The NIH, which describes the individual or organisational aversion toward ideas, approaches and technologies developed outside the organisational boundaries (Katz and Allen, 1982), is frequently mentioned as an OI hampering factor. However, despite the strong theoretical arguments favouring this thesis, empirical demonstrations have been rare (Antons and Piller, 2015).

The type of partner and the breadth of a collaboration portfolio may play a role in determining the OI initiative's success. Lhuillery and Pfister (2009) found that firms collaborating with competitors and public research organisations were more likely to abandon innovation projects due to mal-functioning in the collaboration dynamics. In another study, Lokshin et al. (2011) found that collaboration with customers or suppliers is less likely to experience issues during R&D technological partnerships. More recently, Greco et al. (2020) did not find significant differences between partner categories on the likelihood of abandoning innovation projects. Instead, they found that collaboration breadth is associated with a lower abandonment risk.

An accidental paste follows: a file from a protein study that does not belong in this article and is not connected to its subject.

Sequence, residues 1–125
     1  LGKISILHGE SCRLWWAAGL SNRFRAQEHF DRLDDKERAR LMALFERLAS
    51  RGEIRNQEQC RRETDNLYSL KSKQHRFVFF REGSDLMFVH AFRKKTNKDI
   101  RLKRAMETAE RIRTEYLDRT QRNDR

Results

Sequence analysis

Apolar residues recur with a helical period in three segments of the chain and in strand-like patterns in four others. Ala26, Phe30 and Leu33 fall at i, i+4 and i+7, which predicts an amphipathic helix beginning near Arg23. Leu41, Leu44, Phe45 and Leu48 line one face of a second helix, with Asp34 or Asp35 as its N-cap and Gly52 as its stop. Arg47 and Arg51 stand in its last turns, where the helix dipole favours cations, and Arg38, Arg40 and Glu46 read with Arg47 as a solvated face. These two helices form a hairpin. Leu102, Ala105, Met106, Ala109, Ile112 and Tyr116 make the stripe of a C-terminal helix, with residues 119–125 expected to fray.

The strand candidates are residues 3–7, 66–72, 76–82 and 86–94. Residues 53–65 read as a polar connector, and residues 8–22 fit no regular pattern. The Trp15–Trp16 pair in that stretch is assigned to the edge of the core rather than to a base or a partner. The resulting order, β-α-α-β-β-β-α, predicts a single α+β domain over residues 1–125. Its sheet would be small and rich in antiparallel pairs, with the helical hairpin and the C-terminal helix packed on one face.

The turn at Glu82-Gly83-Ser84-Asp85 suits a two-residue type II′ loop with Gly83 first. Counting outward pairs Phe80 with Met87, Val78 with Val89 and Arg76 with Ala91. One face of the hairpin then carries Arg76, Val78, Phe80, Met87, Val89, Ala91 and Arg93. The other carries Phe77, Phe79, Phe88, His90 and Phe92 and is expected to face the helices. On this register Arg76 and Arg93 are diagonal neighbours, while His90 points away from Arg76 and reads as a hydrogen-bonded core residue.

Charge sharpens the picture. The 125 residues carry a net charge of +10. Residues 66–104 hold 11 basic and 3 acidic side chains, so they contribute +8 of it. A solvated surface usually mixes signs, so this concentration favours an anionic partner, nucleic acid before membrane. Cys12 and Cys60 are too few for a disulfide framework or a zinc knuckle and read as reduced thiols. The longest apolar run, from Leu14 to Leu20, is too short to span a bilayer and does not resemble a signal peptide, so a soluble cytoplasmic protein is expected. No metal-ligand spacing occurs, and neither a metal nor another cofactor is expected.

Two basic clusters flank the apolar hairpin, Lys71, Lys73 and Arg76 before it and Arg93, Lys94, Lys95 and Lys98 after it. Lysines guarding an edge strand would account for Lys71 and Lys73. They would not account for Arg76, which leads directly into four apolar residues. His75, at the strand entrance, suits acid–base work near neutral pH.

In one of the most relevant studies on the success versus failure dichotomy in OI, Brunswicker and Chesbrough (2018) observed that failed OI projects were characterised by comparatively higher use of full control (closed approach) over IP in both the definition and the development phases. They conclude that a selective sharing approach could be important for a project's success. They also found that successful projects have a higher degree of formalisation of processes and outcome control. IP protection strategies require caution since they can concur with the failure of an OI initiative, as shown in Nokia (Ciesielska, 2018). Indeed, in such a case, fruitful knowledge transfer was impeded by internal conflicting views and unclear IP strategy. Dahlander and Gann (2010) also observed that firms might find it difficult to estimate the potential value of out-licensing – a typical OI practice – possibly renouncing fruitful OI occasions. Enkel et al. (2009) mentioned several other barriers, including the difficulty in finding the right partner, the imbalance between OI activities and daily business and insufficient resources for OI. Finally, issues emerging in the communication and interaction process between partners are also likely to hamper OI projects (Braun, 2015; Locatelli et al., 2021; Urbinati et al., 2020).